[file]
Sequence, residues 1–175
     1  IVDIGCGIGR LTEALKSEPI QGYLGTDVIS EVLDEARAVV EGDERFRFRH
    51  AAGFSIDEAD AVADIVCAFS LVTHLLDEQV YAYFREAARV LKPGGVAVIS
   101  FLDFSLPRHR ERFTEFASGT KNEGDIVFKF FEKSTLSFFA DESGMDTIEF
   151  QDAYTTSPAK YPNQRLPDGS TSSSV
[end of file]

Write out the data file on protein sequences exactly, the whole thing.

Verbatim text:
Sequence, residues 1–175
     1  IVDIGCGIGR LTEALKSEPI QGYLGTDVIS EVLDEARAVV EGDERFRFRH
    51  AAGFSIDEAD AVADIVCAFS LVTHLLDEQV YAYFREAARV LKPGGVAVIS
   101  FLDFSLPRHR ERFTEFASGT KNEGDIVFKF FEKSTLSFFA DESGMDTIEF
   151  QDAYTTSPAK YPNQRLPDGS TSSSV